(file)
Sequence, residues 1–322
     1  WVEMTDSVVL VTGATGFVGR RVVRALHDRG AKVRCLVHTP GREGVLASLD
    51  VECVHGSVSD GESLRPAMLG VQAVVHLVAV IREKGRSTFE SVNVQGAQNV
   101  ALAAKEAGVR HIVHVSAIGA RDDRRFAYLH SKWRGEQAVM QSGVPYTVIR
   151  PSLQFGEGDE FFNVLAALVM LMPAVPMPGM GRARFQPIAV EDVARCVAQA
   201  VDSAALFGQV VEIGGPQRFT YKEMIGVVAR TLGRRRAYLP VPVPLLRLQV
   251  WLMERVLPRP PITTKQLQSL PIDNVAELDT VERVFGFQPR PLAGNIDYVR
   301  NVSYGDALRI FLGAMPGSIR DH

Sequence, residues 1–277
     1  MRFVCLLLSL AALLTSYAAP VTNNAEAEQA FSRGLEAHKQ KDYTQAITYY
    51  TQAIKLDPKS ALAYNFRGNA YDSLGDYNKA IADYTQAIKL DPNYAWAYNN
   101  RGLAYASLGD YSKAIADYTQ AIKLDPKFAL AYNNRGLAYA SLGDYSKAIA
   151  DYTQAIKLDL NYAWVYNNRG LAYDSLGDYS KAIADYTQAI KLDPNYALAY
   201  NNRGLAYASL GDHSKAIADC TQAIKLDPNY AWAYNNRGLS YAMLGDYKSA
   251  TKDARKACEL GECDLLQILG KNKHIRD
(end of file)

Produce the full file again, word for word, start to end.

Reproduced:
Sequence, residues 1–322
     1  WVEMTDSVVL VTGATGFVGR RVVRALHDRG AKVRCLVHTP GREGVLASLD
    51  VECVHGSVSD GESLRPAMLG VQAVVHLVAV IREKGRSTFE SVNVQGAQNV
   101  ALAAKEAGVR HIVHVSAIGA RDDRRFAYLH SKWRGEQAVM QSGVPYTVIR
   151  PSLQFGEGDE FFNVLAALVM LMPAVPMPGM GRARFQPIAV EDVARCVAQA
   201  VDSAALFGQV VEIGGPQRFT YKEMIGVVAR TLGRRRAYLP VPVPLLRLQV
   251  WLMERVLPRP PITTKQLQSL PIDNVAELDT VERVFGFQPR PLAGNIDYVR
   301  NVSYGDALRI FLGAMPGSIR DH

Sequence, residues 1–277
     1  MRFVCLLLSL AALLTSYAAP VTNNAEAEQA FSRGLEAHKQ KDYTQAITYY
    51  TQAIKLDPKS ALAYNFRGNA YDSLGDYNKA IADYTQAIKL DPNYAWAYNN
   101  RGLAYASLGD YSKAIADYTQ AIKLDPKFAL AYNNRGLAYA SLGDYSKAIA
   151  DYTQAIKLDL NYAWVYNNRG LAYDSLGDYS KAIADYTQAI KLDPNYALAY
   201  NNRGLAYASL GDHSKAIADC TQAIKLDPNY AWAYNNRGLS YAMLGDYKSA
   251  TKDARKACEL GECDLLQILG KNKHIRD